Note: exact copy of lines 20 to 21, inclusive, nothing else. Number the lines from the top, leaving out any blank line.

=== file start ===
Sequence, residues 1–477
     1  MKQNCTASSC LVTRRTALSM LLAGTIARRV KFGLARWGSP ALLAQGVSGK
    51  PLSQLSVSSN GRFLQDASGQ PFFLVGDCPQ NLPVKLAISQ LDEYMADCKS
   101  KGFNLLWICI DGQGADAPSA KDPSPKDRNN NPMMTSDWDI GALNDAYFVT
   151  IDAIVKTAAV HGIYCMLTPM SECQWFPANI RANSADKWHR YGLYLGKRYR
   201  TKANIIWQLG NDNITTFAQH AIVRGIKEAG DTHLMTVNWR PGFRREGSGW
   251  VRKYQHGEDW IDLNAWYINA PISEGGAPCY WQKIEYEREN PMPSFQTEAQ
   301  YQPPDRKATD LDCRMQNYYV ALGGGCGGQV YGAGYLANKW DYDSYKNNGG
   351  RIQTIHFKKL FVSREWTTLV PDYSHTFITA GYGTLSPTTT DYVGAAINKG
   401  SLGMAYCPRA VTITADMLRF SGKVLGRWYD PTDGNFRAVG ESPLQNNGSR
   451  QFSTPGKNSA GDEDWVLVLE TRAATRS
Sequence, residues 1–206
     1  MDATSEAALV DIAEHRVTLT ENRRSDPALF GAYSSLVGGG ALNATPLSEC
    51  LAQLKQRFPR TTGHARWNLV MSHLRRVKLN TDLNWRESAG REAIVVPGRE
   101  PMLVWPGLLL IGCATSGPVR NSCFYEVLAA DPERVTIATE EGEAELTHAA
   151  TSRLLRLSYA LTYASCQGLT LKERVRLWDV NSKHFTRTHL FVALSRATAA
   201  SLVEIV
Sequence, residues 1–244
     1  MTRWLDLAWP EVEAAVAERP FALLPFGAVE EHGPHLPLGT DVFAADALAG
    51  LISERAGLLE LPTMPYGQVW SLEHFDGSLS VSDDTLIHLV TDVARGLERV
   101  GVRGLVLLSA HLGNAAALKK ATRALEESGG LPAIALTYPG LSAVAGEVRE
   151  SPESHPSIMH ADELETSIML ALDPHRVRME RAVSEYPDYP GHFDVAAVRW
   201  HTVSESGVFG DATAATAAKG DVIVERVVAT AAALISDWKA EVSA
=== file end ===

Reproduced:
    51  LISERAGLLE LPTMPYGQVW SLEHFDGSLS VSDDTLIHLV TDVARGLERV
   101  GVRGLVLLSA HLGNAAALKK ATRALEESGG LPAIALTYPG LSAVAGEVRE